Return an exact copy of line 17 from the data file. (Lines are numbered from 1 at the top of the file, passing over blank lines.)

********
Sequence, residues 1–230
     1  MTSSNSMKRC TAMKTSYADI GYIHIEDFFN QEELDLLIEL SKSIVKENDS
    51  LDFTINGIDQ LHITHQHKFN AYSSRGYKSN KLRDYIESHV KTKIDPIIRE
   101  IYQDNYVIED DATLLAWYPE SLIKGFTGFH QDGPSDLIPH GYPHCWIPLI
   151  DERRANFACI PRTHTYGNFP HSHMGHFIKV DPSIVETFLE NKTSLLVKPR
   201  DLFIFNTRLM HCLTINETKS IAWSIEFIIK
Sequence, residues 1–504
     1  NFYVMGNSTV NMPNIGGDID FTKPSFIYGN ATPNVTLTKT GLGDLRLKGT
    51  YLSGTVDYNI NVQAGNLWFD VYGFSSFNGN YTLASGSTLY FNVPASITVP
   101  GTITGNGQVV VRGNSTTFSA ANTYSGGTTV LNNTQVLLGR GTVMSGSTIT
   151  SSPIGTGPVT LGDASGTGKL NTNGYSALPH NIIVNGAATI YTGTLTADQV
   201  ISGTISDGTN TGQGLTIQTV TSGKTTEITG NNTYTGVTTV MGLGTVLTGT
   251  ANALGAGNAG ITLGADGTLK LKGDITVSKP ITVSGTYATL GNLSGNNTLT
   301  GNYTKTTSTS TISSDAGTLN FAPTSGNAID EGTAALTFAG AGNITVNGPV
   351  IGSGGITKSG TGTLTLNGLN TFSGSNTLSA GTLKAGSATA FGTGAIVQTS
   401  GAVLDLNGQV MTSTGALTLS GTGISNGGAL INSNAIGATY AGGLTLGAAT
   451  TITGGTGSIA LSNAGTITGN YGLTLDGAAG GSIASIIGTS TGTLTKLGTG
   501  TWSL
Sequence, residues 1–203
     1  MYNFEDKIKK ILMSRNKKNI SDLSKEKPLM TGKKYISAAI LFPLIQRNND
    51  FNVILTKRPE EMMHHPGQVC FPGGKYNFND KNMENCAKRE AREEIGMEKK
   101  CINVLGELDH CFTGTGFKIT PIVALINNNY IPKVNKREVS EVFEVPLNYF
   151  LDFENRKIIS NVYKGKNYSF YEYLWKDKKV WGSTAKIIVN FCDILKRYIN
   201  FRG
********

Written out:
   451  TITGGTGSIA LSNAGTITGN YGLTLDGAAG GSIASIIGTS TGTLTKLGTG